In general, to find what’s at the other end of a socket, you need to iterate through /proc. This can of course mean letting an existing tool such as netstat, lsof or ss do it for you.
The reason for this is that a socket can be opened by different processes. Once a process has opened a socket, it can fork, and the children can change their privileges and switch to different namespaces. It’s also possible to pass file descriptors from a process to an unrelated process, using anciliary data on a unix socket. So arbitrary processes can have the same socket open. There is no such thing as “the PID of a socket”, only “the PIDs of a socket”.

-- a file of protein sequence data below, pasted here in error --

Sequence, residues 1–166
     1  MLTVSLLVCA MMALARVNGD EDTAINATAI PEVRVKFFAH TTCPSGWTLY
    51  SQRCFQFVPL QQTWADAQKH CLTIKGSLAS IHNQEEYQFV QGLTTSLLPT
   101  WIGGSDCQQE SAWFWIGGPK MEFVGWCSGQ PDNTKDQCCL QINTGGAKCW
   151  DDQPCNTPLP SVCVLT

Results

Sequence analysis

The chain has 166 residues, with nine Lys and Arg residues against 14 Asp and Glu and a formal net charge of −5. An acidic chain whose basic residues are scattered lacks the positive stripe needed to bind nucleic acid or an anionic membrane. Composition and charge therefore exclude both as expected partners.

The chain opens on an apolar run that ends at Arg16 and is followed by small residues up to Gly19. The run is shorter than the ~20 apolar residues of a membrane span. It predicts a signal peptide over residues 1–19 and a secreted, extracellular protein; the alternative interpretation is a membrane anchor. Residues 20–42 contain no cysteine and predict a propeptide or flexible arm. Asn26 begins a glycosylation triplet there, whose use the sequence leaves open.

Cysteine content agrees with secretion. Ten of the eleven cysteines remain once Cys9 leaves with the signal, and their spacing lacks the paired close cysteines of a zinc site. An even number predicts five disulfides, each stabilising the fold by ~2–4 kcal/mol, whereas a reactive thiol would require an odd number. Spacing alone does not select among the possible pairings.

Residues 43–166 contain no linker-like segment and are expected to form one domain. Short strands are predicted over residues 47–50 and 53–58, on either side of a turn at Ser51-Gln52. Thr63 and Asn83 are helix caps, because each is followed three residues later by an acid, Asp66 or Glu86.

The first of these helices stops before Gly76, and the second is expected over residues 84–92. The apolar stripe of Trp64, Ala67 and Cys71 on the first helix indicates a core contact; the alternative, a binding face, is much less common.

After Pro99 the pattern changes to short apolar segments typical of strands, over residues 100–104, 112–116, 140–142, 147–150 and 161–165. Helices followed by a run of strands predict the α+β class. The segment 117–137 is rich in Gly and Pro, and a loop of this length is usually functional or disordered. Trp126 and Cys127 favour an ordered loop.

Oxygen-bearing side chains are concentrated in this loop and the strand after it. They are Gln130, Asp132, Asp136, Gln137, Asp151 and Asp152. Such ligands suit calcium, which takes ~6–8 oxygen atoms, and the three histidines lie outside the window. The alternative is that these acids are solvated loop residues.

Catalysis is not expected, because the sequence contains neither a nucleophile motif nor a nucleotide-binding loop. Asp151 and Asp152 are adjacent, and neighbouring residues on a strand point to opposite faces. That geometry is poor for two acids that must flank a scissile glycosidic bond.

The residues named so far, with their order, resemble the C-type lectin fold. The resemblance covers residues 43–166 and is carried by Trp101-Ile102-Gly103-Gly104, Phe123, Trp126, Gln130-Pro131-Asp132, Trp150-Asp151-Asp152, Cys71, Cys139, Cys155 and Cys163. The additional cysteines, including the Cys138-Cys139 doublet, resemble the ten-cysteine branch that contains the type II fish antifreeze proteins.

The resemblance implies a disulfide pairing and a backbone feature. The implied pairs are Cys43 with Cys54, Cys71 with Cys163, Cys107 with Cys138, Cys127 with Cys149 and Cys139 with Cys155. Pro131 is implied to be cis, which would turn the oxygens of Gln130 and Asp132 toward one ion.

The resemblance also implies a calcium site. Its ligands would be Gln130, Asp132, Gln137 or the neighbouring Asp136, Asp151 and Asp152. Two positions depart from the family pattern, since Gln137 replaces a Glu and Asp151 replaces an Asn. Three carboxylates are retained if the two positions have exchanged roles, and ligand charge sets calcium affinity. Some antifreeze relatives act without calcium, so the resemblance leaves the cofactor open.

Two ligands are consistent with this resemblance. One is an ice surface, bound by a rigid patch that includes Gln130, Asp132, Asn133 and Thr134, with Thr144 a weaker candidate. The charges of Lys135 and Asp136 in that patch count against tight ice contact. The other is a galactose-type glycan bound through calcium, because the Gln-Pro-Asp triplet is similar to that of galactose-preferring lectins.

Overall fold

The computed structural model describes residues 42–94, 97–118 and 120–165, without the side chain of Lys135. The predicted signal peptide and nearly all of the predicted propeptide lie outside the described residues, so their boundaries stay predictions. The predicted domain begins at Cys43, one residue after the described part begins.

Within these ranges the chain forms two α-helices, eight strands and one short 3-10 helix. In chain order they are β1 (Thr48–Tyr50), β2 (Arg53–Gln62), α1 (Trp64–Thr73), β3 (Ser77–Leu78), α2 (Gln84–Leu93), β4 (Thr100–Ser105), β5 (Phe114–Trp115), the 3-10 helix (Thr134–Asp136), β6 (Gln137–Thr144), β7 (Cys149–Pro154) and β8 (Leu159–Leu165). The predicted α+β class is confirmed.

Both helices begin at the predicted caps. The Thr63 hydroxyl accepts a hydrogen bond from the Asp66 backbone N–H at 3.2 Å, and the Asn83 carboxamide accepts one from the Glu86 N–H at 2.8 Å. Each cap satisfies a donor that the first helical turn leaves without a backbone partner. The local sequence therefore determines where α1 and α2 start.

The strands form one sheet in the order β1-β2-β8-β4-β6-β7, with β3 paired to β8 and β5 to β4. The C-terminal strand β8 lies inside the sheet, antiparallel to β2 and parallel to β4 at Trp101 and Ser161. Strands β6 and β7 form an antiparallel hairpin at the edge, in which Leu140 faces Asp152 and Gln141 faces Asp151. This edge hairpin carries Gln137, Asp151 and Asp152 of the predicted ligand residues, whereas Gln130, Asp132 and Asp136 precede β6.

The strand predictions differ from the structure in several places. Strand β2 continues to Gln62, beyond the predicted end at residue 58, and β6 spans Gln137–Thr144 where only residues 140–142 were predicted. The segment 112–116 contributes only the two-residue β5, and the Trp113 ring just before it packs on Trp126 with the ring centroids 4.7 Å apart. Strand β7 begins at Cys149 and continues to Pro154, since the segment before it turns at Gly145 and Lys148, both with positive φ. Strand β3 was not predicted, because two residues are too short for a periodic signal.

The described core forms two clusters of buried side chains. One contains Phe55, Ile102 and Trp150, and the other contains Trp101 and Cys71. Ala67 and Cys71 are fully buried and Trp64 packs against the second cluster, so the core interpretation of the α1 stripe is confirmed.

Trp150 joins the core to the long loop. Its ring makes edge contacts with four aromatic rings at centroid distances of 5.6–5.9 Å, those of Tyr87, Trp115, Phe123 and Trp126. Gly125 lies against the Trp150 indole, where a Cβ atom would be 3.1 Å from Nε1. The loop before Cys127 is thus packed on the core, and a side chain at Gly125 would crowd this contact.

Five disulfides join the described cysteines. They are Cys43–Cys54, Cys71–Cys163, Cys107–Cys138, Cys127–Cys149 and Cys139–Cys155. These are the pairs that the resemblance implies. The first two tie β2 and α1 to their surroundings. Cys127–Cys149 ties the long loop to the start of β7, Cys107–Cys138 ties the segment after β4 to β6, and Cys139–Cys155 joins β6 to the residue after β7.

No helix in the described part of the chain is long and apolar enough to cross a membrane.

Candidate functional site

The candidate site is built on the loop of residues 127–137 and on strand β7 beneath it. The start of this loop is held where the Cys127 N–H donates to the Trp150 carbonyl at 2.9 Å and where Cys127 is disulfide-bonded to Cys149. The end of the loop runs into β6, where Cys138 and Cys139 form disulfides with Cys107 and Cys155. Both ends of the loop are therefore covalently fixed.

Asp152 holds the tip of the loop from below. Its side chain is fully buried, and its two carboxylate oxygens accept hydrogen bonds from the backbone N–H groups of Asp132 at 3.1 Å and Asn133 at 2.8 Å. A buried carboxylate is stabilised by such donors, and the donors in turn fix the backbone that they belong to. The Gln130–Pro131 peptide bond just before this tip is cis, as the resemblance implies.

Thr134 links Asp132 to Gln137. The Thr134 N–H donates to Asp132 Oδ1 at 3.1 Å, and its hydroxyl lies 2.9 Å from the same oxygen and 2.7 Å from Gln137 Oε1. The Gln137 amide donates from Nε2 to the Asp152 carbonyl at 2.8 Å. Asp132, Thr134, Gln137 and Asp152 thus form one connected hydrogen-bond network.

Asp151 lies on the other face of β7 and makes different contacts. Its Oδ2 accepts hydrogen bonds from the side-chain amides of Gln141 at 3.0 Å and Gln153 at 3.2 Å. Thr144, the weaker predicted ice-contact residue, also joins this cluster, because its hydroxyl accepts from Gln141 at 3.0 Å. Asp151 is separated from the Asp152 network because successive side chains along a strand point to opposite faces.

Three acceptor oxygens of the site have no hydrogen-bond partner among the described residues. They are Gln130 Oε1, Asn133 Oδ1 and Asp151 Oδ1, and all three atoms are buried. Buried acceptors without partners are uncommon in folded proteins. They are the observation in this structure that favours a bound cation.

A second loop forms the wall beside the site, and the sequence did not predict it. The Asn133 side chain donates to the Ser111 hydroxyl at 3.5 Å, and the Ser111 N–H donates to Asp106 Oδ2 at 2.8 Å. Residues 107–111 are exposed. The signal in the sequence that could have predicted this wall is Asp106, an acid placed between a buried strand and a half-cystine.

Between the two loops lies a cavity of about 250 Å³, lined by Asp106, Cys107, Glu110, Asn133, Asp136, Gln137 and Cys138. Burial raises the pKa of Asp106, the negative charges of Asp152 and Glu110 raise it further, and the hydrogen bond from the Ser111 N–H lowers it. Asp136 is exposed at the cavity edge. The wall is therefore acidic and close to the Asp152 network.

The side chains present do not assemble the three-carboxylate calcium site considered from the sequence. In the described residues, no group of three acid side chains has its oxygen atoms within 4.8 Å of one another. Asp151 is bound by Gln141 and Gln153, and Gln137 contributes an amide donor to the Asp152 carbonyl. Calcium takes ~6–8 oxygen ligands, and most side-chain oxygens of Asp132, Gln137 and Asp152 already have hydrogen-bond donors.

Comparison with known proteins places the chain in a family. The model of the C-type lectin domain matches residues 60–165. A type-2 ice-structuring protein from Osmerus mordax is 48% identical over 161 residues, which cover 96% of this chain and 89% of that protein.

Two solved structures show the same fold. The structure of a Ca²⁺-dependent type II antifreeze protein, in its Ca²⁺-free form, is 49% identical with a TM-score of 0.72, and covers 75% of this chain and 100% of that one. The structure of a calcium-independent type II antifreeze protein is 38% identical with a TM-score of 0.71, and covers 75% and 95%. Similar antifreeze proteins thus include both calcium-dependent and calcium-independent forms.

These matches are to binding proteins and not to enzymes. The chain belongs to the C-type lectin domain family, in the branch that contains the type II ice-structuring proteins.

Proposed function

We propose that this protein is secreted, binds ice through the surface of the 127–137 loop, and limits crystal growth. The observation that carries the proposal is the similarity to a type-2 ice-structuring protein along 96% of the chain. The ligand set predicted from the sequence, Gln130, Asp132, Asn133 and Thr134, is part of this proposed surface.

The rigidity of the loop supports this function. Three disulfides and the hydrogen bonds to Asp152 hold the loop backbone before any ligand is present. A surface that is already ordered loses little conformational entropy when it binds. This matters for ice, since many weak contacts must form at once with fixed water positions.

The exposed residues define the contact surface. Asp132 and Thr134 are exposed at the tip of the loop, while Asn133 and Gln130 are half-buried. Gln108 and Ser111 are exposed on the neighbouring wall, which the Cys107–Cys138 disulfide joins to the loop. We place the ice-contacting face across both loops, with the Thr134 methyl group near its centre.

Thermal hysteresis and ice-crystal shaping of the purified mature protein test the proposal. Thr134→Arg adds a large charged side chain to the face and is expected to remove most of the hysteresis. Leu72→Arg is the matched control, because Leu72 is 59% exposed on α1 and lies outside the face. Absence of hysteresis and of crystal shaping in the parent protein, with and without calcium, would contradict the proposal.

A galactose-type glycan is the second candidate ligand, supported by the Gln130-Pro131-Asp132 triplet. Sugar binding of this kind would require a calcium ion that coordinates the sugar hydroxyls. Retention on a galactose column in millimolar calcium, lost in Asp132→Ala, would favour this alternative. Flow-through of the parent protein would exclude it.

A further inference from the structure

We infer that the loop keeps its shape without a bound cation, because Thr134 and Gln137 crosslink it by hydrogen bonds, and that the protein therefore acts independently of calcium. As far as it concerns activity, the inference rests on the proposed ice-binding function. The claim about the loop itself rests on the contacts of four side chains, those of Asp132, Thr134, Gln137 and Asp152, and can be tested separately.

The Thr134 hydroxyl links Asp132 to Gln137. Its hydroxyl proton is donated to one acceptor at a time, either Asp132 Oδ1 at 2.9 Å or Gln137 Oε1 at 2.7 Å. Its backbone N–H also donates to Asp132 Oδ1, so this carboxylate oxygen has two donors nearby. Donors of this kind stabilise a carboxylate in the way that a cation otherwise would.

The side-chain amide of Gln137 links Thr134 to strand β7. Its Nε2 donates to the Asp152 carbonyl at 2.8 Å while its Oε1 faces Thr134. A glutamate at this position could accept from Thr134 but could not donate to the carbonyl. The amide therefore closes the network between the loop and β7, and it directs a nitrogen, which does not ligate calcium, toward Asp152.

While this doesn’t prove that there’s no way to enumerate the PIDs given the socket, it would be very difficult to design such an interface, especially when you consider that non-root users don’t get to know when files are opened by processes running as a different user. Access through /proc enforces security via permissions, and I’m not aware of any other interface to get the same data. Also, fuser, lsof, netstat and ss all enumerate /proc; if there was another interface, I’d expect someone to use it. So I’m pretty sure that there’s no other way.